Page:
common descent

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It is scientifically reasonable to argue further (on the basis of DNA and other molecular evidence) that this "unfolding" occurred by biological descent from a common ancestor or limited group of ancestors; and finally, that natural selection by the environment for advantages conferred by genetic change is an important driving force in the process.
A good scientist can accept the evidence for the factuality of biological descent with variation from a common ancestor, while at the same time recognizing that no satisfactory theory of the process yet exists; it is a problem still to be solved.
If we situate him within the history of interaction between language theory and evolutionary thought in the nineteenth century, Huxley's writings on the Synoptic Problem look like an attempt to extend the parallels between the linguistic descent of language and the biological descent of species that intellectuals like August Schleicher (1821-68) and Charles Lyell (1797-1875) had already explored.
Yet, anxious to demonstrate that linguistics had matured into a genuine natural science, Schleicher argued that Darwin's metaphorical strategy failed to appreciate the true import of the relationship between linguistic and biological descent.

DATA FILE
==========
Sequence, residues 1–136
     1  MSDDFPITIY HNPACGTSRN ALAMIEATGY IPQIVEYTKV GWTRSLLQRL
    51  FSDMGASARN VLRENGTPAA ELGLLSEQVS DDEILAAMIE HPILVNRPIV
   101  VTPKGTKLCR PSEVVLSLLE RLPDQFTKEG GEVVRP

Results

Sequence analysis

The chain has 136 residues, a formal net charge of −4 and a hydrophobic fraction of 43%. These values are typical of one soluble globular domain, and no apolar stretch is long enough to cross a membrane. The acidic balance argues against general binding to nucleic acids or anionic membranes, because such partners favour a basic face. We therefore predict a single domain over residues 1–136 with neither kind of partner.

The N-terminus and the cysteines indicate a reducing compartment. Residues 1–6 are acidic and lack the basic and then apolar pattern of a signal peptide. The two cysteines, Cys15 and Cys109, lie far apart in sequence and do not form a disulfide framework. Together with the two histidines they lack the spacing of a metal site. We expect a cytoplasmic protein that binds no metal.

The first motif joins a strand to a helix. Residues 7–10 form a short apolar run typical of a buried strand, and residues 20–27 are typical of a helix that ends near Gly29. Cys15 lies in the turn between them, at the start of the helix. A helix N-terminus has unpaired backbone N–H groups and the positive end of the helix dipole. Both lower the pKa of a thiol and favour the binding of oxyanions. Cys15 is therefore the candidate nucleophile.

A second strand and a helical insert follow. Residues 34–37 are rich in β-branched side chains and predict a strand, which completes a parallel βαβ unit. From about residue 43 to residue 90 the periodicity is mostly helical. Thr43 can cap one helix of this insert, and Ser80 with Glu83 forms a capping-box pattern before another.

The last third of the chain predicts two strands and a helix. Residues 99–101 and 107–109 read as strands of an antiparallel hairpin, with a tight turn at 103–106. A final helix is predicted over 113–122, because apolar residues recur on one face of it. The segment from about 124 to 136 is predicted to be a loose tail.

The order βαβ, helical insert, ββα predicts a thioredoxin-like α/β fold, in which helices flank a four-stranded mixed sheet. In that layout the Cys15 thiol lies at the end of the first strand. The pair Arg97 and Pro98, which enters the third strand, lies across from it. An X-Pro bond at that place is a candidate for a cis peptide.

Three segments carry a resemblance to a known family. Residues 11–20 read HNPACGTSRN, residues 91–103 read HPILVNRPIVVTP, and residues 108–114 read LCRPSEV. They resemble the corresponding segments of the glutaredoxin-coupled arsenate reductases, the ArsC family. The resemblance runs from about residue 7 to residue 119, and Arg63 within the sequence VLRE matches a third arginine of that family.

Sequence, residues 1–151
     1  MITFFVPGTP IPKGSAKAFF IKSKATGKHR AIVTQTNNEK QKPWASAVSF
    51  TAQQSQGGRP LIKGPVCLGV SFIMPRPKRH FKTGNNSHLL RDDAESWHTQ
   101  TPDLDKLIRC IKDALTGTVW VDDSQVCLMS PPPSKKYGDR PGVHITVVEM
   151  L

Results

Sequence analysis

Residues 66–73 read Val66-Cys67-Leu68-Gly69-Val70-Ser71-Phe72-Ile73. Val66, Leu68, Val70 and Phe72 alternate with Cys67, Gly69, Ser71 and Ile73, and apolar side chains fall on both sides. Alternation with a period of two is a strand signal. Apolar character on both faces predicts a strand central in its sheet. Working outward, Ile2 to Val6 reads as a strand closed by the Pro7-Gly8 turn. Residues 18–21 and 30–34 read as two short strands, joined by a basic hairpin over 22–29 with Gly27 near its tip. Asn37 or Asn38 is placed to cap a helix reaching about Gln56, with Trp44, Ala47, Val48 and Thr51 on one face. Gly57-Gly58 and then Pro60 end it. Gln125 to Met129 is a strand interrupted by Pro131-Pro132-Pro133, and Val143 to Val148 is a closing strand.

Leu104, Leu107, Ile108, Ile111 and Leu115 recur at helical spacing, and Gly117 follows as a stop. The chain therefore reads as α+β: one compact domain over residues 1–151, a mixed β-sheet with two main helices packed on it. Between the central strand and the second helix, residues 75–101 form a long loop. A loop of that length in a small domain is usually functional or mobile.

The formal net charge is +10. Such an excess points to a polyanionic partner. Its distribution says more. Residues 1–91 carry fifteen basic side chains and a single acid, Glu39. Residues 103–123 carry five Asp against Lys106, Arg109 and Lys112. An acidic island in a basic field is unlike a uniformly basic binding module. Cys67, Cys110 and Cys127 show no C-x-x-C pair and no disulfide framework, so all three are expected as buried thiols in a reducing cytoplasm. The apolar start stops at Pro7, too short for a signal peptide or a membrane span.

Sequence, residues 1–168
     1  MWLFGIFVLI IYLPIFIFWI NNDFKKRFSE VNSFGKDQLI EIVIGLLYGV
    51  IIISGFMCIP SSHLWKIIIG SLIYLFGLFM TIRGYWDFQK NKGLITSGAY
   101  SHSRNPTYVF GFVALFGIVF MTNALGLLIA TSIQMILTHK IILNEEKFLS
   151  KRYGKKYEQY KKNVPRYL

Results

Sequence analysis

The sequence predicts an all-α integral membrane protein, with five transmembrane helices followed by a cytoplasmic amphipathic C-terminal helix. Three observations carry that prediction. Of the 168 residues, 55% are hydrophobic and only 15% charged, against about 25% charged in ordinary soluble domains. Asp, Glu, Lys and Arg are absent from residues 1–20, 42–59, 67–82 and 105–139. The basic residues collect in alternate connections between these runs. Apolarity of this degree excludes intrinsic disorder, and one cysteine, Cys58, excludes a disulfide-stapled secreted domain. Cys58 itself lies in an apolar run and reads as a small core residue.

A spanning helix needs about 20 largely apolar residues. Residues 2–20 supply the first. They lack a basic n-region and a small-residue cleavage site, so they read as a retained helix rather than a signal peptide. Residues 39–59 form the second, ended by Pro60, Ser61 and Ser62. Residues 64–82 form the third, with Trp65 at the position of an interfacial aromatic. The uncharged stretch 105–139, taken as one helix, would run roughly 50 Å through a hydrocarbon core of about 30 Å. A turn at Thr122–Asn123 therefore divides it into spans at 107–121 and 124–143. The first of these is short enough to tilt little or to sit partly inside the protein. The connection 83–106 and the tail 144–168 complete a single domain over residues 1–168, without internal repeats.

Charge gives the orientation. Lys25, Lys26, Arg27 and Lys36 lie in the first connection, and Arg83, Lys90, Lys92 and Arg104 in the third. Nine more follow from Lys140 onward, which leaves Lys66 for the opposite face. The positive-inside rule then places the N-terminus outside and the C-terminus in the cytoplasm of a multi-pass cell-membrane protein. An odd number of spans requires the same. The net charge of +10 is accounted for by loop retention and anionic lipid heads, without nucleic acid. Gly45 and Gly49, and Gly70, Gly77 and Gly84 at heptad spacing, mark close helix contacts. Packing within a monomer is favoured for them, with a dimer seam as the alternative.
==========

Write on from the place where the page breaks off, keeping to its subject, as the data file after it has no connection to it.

Analyzing genealogies as social charters rather than records of biological descent, Szonyi found that later editions tended to claim earlier and more prominent focal ancestors than their predecessors, revealing how lineages of humble origin tried to raise their social prestige and remove suspicion that they were descended from the lowstatus Dan or She aborigines who had initially populated Fujian.
In Christianity, however, the notion of family goes beyond that of biological descent.
In the long run, these ideas will lead to a situation where our people are defined not by their relation to a living culture and community of people, but by their biological descent from an ancestor who was an Indian.
I have said that strict biological descent will not do for identification of posterity--either of the American people of 1787 or of ourselves.

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